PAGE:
Raid 5 Array fails to rebuild with new disc installed

Smithds21
Smithds21 used Ask the Experts™
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Let me start by saying that I have no detailed experience of RAID 5 arrays.

We have a 3 Disc, single volume, RAID 5 array operating an SBS 2008 Server.  The RAID controller is Intel Matrix Manager accessed via Intel Matrix 8.9, Storage Controller.

The Port 2 disc was reported as failed and subsequently I replaced it.  However, although the new disc was a 500gb Seagate Barracuda, as per Ports 0 & 1, it was a newer version as the original ST3500418AS are no longer available.

The RAID controller recognised the new disc and I took the option to include it in the volume.  However, it was only after the 'rebuild' had started that I noticed that the physical sector size of the new disc was 3024 bytes and not 512 bytes per the other 2 discs.  I let the 'rebuild' process run to completion and the new disk was added into the array at Port 2.  

All appeared well until I tried to reboot the server, it would not boot, simply cycling round and round past the Intel boot screen and appearing to start to load but after 2 minutes or so it rebooted.

I refitted the original failed disc and the file server rebooted, per normal, but of course with a degraded array.

I contacted the tech support desk of the well known UK retailer of the disk and was advised to reformat the disk on a separate PC to 512bytes and then re-introduce it to the RAID 5 array.  

I did as advised but the file server would not boot with the new disc simply connected to the array port, never mind being introduced to the array, I never got that far.  I am now again running in a degraded state with the old disc in place whilst trying to find a solution.

The 'techie' further advised that my only option would be to rebuild the array, but this is with the inferred loss of data and I do not really want to do that.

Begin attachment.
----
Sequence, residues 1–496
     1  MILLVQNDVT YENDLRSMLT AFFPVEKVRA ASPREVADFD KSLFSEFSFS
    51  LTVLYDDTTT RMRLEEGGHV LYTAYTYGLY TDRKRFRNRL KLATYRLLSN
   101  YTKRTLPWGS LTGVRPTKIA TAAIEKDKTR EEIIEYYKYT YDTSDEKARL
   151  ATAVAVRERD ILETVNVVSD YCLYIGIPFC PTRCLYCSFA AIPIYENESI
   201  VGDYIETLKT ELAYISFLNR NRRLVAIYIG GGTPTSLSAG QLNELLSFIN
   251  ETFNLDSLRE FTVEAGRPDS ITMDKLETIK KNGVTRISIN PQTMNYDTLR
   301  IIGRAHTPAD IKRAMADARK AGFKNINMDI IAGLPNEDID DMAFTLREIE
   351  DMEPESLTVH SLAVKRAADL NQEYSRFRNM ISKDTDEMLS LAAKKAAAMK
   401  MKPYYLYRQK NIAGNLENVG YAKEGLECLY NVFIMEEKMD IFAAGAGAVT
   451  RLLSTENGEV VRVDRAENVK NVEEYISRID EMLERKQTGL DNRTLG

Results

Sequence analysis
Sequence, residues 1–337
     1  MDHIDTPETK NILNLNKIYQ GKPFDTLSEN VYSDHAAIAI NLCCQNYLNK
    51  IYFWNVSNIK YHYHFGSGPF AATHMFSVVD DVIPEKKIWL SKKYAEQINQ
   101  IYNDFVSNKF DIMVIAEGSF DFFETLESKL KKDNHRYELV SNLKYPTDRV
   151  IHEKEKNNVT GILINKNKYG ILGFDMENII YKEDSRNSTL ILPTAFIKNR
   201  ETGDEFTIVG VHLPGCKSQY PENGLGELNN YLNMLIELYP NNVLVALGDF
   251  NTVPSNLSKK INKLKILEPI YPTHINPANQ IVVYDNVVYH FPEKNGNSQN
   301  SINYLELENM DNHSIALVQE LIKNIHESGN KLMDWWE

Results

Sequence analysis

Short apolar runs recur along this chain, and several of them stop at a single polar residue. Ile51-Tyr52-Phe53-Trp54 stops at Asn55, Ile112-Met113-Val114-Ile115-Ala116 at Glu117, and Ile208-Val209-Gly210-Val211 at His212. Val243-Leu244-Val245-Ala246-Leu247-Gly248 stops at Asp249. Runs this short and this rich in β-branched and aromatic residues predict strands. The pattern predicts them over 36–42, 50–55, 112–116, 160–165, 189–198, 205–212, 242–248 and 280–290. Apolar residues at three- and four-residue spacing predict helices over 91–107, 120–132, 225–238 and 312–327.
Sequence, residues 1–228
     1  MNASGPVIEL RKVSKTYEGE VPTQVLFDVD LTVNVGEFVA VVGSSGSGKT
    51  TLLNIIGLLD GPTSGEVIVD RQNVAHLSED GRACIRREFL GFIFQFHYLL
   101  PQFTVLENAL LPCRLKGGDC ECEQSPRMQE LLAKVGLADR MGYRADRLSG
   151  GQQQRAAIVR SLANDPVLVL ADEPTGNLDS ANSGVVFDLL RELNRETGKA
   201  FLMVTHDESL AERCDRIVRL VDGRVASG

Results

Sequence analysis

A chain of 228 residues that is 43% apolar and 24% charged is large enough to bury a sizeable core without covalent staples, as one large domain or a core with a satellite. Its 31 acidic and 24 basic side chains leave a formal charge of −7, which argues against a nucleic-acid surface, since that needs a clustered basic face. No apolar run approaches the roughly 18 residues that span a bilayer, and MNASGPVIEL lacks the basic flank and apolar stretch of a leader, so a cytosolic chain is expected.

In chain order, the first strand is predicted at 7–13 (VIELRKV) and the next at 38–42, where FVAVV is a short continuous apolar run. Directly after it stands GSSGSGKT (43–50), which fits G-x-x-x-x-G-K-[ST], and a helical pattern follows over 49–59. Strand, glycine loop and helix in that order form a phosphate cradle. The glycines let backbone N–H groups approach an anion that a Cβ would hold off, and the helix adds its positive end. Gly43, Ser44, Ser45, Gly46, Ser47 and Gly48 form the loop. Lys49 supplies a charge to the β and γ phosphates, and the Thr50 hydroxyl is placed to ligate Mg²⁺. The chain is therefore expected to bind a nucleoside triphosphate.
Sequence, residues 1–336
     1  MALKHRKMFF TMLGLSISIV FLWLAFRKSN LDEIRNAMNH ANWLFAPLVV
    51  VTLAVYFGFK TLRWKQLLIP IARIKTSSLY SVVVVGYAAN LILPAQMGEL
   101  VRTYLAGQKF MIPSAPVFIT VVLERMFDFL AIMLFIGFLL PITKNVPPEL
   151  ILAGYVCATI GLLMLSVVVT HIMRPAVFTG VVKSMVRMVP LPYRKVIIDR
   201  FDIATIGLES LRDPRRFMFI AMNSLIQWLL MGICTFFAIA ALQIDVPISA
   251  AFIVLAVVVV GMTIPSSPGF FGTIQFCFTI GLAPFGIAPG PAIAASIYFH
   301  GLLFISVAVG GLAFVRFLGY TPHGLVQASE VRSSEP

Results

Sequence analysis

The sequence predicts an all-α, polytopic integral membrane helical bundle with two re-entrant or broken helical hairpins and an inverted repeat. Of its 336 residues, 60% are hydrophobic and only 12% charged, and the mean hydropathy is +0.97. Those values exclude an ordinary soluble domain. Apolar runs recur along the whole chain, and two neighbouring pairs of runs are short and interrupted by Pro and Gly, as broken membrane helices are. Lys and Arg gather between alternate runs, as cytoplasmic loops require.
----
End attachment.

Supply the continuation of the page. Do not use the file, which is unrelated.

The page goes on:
Any advice would be most welcome.  I attach screen dumps of the array as currently seen via the Matrix Storage Controller.
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Commented:
Sector size is imbedded in the disk controller mounted on the hard disk. New Seagate drives are available with 4096 bytes/sector and 512 bytes/sector. You need a 500GB disk set for 512 bytes/sector. Only option I can see is to replace the disk with one that is compatible with the other 2 disks.
Those drives were NEVER meant to be used in a hardware RAID 5 scenario.
They are desktop drives and have recovery mechanisms meant for desktops,not servers.
All of those drives should be enterprise class (ES) if you value your data.

A short explanation ,desktop drives ,if they hit a bad spot on the disk,can take up to 30 seconds to respond the controller because they are attempting  recover a bad sector.
RAID enabled disks will time out after 5 to 7 seconds and if the controller get no response,it will flag the drive bad.
Picture two desktops drives both taking up to 30 seconds to respond,no more RAID and your data is gone.

Same thing in a rebuild scenario.
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Commented:
In response to pgm554.

Our previous server ran SBS 2003 on a RAID 0 array and in almost 10 years of service it never skipped a beat.  Since day one of commissioning the new server running on SBS 2008 with RAID 5, built by a well known UK specialist retailer, we have had to endure very slow system performance.  So bad in fact that we had the retailer send techies to help find the problem, they never did and so we have always been in a retrograde condition since day 1.

Coming specifically to your advice about ES class disks is there methodology that you could suggest that would allow me to ghost the current discs onto replacement discs, alleviating the need to formally rebuild the server software, the apps software and the data?  A big ask I guess!  

We take daily tape full back ups which contain sql databases, ms exchange server data and